Windows or Doors: Mud, Vomit, Coffee and a Gunfight
I needed a good gunfight to shake me up. After two weeks of non-stop travel, hikes, meetings, and celebrations, I was tired. A bout with a bad cold, rain, mud, and long days working all push your boundaries. What once was mind-blowing and exotic can become mundane—and feeling mundane is a personal tragedy in the quest for non-stop motivation in the life of a social entrepreneur. So, I needed something to push me from my comfort zone, to see things in a new light.
The final drive of our 1000-mile journey to the airport in Managua shook me from a moment of reflecting on roya, country differentials, development projects, and inspirational farmers. I was quickly whisked into a new reality, as we suddenly found ourselves stopped in the middle of a big armed battle between two groups claiming the rights to the same swath of land. All of it spilling out onto the Pan American Highway. We found ourselves the first of a few cars stuck between two sides lobbing makeshift bombs and rocks at each other.
We got out of the car to assess the situation. Smoke billowed from homemade grenades; women peeked out of the doors of their home, worried about their husbands and sons defending the half dozen homes and residents from masked intruders. It quickly escalated, and the side defending the land, obviously out-armed, started to run in our direction in retreat. One frightened resident ran up to our car, pointed to the house to the side of us and warned, “Be careful—they have guns and are coming up quickly.” The driver of the car behind us clutched his young daughter as she began to cry. Just then, a group appeared on the other side of the street carrying an injured comrade. His friends huddled around him while others watched the flanks to prevent the gunmen from advancing. It became evident that they were beginning to surround us. Just in time, a police vehicle could be heard in the distance and everyone ran to the street, signaling to the police that there was someone with a gunshot wound. As the crowd lifted the injured into the back of the police pickup truck, we sprinted to our car. We saw an opening to get out of this increasingly out of control situation. Tailing the police truck, we quickly passed masked armed men just 50 yards from the scene.
For a moment, and due to just pure timing, we witnessed a close contact battle in the town of Las Tumas. That day, five were injured. The police ended up taking control of the land, and both sides agreed to take it up in court.
We had but a ten-minute window into their lives: moments filled with fear, anxiety and imminent danger. But in a moment it changed for us, and we were off, while they had to pick up the pieces of the violence. Their lives continued in the rear view mirror. Thinking of our loved ones back home, a warm shower, a nice meal and a beer, ours continued on toward our comfortable lives back in the United States. A life where severe poverty, lack of access to clean drinking water, health care or education almost entirely does not exist. Regardless of what you say about our social infrastructures, they are a million times better than in many parts of the world.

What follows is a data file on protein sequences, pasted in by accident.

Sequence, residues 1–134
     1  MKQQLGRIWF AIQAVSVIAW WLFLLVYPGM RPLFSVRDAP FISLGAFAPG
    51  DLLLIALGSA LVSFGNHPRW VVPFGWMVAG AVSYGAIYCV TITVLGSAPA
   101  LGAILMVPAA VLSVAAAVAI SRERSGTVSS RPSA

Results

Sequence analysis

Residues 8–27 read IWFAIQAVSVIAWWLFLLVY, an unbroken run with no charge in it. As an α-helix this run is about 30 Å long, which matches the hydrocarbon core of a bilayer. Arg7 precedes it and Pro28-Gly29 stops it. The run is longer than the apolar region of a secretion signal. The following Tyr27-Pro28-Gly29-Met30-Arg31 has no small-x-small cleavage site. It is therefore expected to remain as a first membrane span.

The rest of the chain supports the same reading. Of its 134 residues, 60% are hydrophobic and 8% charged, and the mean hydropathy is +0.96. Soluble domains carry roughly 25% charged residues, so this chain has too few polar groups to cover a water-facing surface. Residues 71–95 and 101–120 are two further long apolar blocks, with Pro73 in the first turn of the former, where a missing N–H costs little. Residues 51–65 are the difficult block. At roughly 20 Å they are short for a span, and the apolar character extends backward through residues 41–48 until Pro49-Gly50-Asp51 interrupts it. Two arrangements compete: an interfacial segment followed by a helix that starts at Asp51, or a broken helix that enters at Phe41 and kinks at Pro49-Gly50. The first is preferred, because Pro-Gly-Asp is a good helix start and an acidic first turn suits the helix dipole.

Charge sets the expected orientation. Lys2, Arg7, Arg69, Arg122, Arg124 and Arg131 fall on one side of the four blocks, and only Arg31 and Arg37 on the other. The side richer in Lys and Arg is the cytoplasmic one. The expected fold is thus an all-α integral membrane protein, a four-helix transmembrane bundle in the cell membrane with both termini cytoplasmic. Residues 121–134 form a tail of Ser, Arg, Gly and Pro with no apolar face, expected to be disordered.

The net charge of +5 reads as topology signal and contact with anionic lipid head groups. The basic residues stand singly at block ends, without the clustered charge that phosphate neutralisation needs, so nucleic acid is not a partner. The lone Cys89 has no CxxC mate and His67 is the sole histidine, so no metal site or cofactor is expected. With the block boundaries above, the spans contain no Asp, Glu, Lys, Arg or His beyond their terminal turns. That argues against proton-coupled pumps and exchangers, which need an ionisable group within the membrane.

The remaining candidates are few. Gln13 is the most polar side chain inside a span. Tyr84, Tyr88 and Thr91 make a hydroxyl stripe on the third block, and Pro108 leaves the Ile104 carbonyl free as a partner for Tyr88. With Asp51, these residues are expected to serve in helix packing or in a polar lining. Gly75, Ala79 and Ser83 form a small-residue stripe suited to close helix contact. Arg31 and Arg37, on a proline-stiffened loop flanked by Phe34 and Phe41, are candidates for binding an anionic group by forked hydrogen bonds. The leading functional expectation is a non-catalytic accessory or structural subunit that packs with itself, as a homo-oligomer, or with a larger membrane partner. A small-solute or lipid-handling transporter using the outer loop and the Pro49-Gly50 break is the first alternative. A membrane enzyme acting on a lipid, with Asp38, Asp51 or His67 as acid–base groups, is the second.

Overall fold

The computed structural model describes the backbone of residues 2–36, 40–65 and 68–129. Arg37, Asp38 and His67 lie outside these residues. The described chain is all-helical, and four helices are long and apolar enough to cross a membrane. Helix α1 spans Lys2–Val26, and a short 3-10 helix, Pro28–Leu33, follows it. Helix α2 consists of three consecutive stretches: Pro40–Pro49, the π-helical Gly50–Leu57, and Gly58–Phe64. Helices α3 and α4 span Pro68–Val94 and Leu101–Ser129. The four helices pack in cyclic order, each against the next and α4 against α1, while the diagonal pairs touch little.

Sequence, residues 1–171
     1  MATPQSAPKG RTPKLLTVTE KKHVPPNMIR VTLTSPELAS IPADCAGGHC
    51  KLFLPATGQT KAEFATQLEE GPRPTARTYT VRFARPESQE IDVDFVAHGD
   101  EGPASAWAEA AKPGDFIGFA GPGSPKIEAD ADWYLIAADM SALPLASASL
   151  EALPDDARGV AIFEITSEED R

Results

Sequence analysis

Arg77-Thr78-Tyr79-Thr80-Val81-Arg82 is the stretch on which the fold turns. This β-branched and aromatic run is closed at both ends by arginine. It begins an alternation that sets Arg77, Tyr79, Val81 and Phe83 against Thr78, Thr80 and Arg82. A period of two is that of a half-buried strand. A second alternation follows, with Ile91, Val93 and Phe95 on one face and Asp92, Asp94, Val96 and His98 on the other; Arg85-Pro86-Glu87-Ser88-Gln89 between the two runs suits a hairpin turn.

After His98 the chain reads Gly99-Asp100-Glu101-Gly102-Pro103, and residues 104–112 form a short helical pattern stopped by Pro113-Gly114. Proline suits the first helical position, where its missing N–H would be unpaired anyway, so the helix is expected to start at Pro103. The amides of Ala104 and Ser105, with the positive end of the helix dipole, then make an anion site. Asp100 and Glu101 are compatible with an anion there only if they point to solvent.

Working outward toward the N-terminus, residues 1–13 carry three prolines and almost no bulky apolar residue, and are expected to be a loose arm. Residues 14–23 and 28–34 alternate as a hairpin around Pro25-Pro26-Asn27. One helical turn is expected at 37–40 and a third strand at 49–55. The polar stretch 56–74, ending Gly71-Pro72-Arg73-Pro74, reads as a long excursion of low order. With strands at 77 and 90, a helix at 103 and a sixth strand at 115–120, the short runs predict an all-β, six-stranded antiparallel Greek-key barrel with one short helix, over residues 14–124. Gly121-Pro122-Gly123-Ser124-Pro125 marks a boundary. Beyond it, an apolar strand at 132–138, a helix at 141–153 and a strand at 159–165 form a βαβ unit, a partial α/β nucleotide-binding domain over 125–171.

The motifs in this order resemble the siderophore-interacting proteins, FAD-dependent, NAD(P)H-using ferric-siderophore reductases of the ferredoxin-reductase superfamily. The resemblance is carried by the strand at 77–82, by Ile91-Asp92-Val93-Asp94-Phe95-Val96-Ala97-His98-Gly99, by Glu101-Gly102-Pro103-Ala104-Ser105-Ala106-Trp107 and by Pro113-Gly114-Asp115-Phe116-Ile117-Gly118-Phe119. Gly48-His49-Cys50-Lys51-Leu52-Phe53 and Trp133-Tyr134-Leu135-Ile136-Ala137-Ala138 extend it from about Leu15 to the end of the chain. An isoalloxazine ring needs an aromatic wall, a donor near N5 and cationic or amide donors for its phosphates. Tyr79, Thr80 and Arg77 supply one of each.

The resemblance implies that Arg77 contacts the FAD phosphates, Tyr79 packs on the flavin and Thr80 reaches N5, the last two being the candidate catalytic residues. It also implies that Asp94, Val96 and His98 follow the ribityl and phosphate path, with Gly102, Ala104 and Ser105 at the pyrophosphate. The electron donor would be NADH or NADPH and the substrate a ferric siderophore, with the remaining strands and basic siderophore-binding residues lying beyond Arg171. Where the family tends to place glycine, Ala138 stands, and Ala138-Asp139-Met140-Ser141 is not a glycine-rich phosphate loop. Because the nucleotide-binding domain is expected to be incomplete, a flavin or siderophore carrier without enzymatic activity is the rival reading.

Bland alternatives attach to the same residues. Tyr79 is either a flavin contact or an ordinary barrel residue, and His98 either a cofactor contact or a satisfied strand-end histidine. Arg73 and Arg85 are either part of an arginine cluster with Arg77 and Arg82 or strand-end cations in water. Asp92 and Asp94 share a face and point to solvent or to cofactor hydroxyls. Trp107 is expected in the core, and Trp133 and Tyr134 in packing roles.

Things happen for a reason, usually as a lesson if we can pay close enough attention. And that scary incident helped me frame what we as coffee companies dedicated to authentic 100% fair trade need to continue to strive toward. We aim to not simply look in through a window. We are walking through doors. Too often, due to the reality of our existence in the relative comforts of the United States, we take for granted the fact that the vast majority of our food, clothing, and shelter are made halfway around the world by people earning substandard wages, living in conditions that I would call economic slavery. Conditions in which they have no choice but to continue, in a job making our clothes, building our cars, or picking our coffee.
For many, life is about looking through windows, seeing something and taking a story, acting without attachment or involvement. I am tired of windows. I am tired of those in the coffee industry who make decisions purely on market prices, or quality. Stating that all they can do is buy the coffee, not support the community it is grown in. A community, most times, that does not have access to adequate health care, education, or access to water. A community that has been a victim of U.S. foreign policy, of war or disease.
I am tired of those who talk about “fair trade” without getting involved in the communities where they buy. I am tired of a watered-down, transnational-influenced “Fair Trade USA.” I am tired of a “Direct Trade” that hangs a hat on northern-imposed quality standards while not taking into account the communities where they work.
But, I am energized to keep on walking in through the doors of the homes of our producer partners. To share a collective burden in an industry that is built on the backs of economic slaves. To invest resources in community infrastructure. We all need to continue to not only work toward directly increasing the pay farmers receive for their coffee but also investing in the communities of our growing partners. Then, and only then, will we even begin to be able to call something that we do “fair.”